Taylor Petersen is like a lot of athletes on the 14th-ranked Midland University volleyball team.
While growing up in Auburn, the 5-foot-11 outside hitter also excelled in basketball and track, but her passion was in the sport she competed in during the fall. She basically grew up around volleyball as her father, Steve, was her head coach her freshman and sophomore seasons. He later served as an assistant coach for the Bulldogs and now teaches in Sabetha, Kansas.
“I have my dad to thank for my competitive edge,” said Petersen, who is third on MU with 219 kills. “I’m a competitive person in whatever I’m doing. My junior and senior year he pushed me on the court, but he let me make my own calls on where I wanted to visit and who I wanted to meet with (for colleges). He was very supportive.”
One of those schools was Midland where Coach Paul Giesselmann was in the process of building the Lady Warriors into a national power.
“I came to a couple of the open gyms they had for volleyball when I was a sophomore or junior in high school,” Petersen said. “I can’t even describe the bond that the girls here had. It was something I wanted to be a part of.”
Petersen earned all-state honors at Auburn, but spent her freshman season at MU on the junior varsity.
“That was definitely a transition,” she said. “I was used to playing all the way around and being a key player, but that year of development was critical for me.”
Petersen had served as a setter early in her career with the Bulldogs, but switched to outside hitter. Last fall, when MU All-American Jessica Peters missed some time with a foot injury, Petersen filled in at setter, including one match (against Westmont of California) at the national tournament.
Having the background as a setter has been beneficial to Petersen’s development as a player.
“I haven’t totally given up on setting,” she said “I do some training on it and I’ll set on the scout side sometimes. I think that has helped my court awareness and just my knowledge of the game.”
As a sophomore starter last year, Petersen was fifth on the team with 159 kills, but has already exceeded those numbers with the national tournament set for next week. She also has 39 total blocks and 12 ace serves. The Lady Warriors, 22-6, have also already exceeded last year’s win total when they finished 21-11.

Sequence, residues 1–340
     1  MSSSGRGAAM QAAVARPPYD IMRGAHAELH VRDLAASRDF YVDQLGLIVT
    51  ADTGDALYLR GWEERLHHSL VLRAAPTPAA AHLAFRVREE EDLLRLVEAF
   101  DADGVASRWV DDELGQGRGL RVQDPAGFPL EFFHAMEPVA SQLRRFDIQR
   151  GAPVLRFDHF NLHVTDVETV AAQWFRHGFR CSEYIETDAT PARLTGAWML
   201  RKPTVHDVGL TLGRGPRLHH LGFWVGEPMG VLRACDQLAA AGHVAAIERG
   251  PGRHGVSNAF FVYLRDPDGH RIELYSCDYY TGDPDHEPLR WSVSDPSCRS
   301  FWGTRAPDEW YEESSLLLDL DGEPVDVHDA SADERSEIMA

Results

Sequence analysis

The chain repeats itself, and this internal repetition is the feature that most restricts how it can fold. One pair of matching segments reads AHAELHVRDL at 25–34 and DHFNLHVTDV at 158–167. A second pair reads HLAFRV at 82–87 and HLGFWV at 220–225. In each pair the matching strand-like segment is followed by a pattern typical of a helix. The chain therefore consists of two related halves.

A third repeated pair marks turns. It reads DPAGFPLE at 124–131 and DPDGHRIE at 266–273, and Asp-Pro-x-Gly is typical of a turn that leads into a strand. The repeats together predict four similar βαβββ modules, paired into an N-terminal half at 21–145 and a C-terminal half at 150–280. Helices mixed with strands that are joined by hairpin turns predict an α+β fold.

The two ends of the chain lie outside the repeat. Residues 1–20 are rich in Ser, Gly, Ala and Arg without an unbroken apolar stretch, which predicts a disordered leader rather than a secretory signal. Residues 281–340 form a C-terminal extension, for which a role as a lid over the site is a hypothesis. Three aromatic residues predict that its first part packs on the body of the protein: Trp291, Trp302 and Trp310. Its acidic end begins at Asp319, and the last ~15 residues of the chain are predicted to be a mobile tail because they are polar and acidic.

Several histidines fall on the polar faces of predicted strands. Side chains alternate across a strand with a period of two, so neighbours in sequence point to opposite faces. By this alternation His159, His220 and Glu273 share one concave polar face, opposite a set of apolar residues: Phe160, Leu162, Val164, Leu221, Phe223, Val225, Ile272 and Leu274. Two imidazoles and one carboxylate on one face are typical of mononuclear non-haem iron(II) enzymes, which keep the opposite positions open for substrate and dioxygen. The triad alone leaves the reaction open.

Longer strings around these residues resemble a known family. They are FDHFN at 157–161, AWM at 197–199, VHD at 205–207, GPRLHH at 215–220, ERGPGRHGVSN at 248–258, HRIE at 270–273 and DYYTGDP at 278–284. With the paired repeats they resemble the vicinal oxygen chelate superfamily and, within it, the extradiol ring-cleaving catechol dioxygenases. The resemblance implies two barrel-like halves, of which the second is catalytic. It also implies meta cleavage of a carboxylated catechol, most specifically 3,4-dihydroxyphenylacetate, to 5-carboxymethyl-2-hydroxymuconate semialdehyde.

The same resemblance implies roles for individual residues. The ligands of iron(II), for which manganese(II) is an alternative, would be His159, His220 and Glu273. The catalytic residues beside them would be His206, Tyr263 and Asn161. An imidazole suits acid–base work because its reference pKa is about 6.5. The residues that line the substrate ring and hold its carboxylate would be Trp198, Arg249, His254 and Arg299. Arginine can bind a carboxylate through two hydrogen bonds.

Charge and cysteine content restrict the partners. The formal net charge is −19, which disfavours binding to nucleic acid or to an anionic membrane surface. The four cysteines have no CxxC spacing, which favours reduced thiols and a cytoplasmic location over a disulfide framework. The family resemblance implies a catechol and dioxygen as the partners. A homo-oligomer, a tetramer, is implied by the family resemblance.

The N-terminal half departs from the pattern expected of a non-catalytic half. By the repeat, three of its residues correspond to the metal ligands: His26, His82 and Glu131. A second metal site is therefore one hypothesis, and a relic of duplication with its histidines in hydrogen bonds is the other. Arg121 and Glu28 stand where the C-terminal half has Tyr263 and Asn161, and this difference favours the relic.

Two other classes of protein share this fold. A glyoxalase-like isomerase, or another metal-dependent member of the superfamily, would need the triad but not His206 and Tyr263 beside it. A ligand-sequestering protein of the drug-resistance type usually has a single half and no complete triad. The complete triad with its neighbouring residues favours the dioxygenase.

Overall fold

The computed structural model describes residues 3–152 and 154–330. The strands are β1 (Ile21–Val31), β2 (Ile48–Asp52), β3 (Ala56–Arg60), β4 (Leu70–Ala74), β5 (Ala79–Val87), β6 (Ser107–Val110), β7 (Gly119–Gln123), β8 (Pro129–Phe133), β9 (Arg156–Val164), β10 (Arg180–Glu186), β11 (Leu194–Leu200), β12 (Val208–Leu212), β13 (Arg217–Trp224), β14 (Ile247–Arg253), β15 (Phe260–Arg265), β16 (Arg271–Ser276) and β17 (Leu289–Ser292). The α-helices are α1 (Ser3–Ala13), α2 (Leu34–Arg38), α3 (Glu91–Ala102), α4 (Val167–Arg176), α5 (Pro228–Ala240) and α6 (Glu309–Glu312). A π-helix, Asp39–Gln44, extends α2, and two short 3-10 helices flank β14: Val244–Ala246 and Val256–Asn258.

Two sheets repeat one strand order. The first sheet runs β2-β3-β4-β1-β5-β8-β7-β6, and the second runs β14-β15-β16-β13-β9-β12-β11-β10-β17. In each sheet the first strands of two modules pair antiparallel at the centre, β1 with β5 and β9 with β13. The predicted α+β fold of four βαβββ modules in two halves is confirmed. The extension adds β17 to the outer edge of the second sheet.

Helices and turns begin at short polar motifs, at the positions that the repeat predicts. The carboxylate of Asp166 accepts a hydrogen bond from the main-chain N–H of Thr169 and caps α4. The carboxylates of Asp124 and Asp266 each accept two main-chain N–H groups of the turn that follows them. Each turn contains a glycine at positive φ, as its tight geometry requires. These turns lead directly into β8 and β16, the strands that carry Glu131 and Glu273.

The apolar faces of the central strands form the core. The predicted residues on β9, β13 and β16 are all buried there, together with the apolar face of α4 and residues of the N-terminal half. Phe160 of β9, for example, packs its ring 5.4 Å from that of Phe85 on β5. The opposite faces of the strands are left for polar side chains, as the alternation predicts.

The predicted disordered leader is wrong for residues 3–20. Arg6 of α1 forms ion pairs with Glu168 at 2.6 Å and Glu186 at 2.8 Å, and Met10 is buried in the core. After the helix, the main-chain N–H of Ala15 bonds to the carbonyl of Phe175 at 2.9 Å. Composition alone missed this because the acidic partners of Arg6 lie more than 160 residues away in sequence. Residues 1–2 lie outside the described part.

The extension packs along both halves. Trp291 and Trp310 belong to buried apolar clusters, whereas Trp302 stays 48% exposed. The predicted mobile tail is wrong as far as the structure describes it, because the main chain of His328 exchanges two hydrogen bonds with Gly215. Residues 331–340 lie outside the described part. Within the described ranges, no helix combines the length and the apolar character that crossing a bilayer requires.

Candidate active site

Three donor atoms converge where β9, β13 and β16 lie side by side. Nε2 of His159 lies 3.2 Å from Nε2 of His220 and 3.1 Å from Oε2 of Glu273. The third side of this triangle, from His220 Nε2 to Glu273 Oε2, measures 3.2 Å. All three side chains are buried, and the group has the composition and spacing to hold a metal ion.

Peters, middle blocker Priscilla O’Dowd and outside hitter Jenny Bair will be among the players the Lady Warriors will lose to graduation in May. Petersen will be looked to be one of the leaders next season.
“I’m excited to take on a leadership role, but I can’t talk enough about what the seniors this year have done,” Petersen said. “They’ve worked hard for four years and some have been key players on our scout team. There are a variety of personalities, but they have helped us all out. They’ve taught us a lot about what is expected when new people move into those roles.”
Petersen is hopeful the Lady Warriors can send this year’s senior class out in style. Midland will face 18th-ranked Vanguard University at 3 Tuesday afternoon in Sioux City, Iowa, in the NAIA Tournament. MU also has pool matches against Aquinas College on Nov. 28 and third-ranked Columbia College on Nov. 29.
“Vanguard is our first opponent and then we’ll move on from there,” Petersen said. “We’ll have a lot of competition, but I think we have the potential to do well against some really good teams.”
Petersen, who carries a 3.97 GPA in elementary education, could have coaching in her future. She is already helping MU assistant Steve Bymers coach club ball with the Nebraska Elite.
“I’ve definitely put a lot of thought into that already,” Petersen said. “Growing up in the gym with my dad as a coach has taught me so much already. That competitive edge has been instilled in me by my family. I know I’ll be competitive all my life.”